You don't need to live in the country either. before we moved to our smallholding we lived in a semi-detached house in a large estate. here we kept rabbits for the pot -  just three large hutches attached to the back of the garage and a run on the lawn and foraged greens from the roadside were needed to produce 60 rabbits a year (could easily have been more) We grew great beans against the fence on the rabbit poo, learnt lots of ways to cook rabbit, cured the pelts and made some slippers and a (bizarre) Davy Crockett hat!
Joan from Wales has a great idea that I will personally take up. Like many of you I have bookcases full of "how to" books on sewing, cooking, preserving etc. Joan rightly says that we can't put all those books in our Bug Out Bag. She keeps an exercise book in which collects only those recipes she will use (looking at your recipe books I'll bet you only use a couple or so from each book) or prints out  "How To" blog entries, similarly she copies out basic knitting and sewing patterns. I'm really excited at this idea. I have already photocopied and reduced in size a page on seed saving and a basic hat pattern reduced to the absolute minimum space. I personally have much of this knowledge, but to collect it together for my nearest and dearest to use too is equally important to me.
 As I have written these post I have realised that a 100 posts wouldn't cover all I and others have to say. I would like to discuss the social aspect of survival (of the fittest? - I hope not!) as a retired Social Worker I find this particularly interesting but don't feel I could do it justice here. Suffice to say that being able to get on with others is probably the most important skill you could learn if you wish to survive. I don't subscribe to the hunker down and look after yourself in isolation in the woods type of survival as I believe it only works short term (unsustainable) and even though living with others is difficult it is essential to well-being and future growth.  Anybody disagree?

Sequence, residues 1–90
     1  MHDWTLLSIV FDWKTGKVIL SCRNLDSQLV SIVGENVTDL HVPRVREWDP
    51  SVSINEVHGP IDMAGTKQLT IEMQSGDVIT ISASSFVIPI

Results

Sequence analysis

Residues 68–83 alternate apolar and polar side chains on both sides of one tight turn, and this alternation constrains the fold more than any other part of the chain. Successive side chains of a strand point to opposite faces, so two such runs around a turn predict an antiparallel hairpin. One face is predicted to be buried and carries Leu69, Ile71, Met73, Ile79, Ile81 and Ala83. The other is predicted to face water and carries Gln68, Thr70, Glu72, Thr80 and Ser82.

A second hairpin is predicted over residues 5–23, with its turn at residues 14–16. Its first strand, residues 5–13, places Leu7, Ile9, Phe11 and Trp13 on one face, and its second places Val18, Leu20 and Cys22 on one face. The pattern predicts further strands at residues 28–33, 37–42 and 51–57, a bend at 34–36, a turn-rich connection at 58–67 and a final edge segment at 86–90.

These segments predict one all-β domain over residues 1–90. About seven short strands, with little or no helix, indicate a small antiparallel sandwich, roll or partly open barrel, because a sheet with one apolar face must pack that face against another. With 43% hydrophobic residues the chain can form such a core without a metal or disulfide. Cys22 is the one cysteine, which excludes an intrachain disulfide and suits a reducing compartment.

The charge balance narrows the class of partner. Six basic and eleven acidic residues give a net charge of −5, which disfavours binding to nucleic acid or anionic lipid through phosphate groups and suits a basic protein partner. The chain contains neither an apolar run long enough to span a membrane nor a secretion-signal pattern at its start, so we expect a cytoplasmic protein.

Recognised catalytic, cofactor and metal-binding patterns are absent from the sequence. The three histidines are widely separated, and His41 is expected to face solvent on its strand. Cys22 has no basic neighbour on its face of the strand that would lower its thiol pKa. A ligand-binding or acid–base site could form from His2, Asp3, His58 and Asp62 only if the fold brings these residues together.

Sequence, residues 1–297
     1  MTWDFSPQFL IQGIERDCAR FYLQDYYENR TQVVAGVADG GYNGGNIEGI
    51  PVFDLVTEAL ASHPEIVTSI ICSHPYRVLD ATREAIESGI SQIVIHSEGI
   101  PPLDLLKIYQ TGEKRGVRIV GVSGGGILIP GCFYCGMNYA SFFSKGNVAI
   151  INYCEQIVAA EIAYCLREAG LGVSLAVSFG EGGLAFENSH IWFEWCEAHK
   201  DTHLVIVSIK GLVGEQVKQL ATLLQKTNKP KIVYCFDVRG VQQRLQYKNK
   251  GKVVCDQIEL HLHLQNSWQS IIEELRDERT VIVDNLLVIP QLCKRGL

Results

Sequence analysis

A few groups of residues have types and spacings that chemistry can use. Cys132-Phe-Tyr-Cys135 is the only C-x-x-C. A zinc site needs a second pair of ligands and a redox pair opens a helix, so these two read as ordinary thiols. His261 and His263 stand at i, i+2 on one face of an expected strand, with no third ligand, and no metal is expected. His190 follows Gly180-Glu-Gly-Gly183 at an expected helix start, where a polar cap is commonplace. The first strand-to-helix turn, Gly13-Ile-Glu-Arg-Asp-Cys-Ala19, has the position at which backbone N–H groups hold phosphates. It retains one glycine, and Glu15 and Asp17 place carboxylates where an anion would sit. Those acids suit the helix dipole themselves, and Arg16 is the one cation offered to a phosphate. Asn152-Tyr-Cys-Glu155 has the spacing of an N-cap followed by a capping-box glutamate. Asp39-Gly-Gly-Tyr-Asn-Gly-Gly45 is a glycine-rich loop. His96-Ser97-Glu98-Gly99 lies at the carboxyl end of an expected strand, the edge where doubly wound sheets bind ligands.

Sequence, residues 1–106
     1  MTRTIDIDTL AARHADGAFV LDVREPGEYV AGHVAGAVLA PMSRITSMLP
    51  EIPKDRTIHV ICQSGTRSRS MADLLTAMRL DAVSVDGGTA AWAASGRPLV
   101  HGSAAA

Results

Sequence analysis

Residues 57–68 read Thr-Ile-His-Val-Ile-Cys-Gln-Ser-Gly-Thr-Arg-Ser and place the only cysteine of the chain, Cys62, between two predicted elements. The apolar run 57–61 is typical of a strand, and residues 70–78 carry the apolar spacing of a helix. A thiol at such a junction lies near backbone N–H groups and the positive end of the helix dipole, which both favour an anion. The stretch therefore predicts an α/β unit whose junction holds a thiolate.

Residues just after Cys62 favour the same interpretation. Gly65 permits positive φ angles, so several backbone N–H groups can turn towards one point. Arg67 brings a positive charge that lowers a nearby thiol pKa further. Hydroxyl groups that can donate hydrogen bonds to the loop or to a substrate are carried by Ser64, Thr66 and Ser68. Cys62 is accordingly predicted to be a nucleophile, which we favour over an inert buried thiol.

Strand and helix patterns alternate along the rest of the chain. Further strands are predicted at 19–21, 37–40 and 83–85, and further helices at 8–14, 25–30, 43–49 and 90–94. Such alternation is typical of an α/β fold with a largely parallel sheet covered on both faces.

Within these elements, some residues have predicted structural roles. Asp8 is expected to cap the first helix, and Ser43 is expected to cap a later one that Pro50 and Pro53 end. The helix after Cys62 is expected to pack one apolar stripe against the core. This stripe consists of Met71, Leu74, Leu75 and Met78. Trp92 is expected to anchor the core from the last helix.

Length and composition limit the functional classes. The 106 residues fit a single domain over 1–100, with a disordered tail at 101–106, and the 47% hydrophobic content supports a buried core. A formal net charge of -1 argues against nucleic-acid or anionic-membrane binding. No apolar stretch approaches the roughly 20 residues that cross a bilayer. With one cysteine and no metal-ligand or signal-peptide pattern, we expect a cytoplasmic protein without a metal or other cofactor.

Finally, how do we defend ourselves when SHTF - "S**** Hits The Fan"?  If you are the only person in your street who has food and heat how long before your neighbours (or a marauding gang) ask and then demand you share your hoard? ooh er. There are many who will not hesitate with an answer and while I know that being able to defend you and yours will require a weapon I hesitate to suggest it as it flies against everything I believe in. I would always want to negotiate, but know that not everything is negotiable and not everyone would negotiate and are likely to be armed themselves. So I guess my answer to my own question must be that should things start to look really bad we would reluctantly arm ourselves. You have no idea how hard it was for me to write that!
As they say at Uni... "Discuss" let's hear it folks!

Only a lighter note (how could it be anything else?!) Here are some photos of part the garden which is so overgrown this year, partly because of the weather but mostly because it has rather got away from me this year. Hope the colours and fecundity lift your spirits!
 The potatoes (Sarpo Mira) have absolutely taken over. I do hope the crop is as big as it promises to be. In this picture you can see that it has grown over the box hedges and onto the path. Sunflowers and beans ( Moonlight, Borlotti, Butter and Prizewinner) behind and entrance to the chicken run/orchard.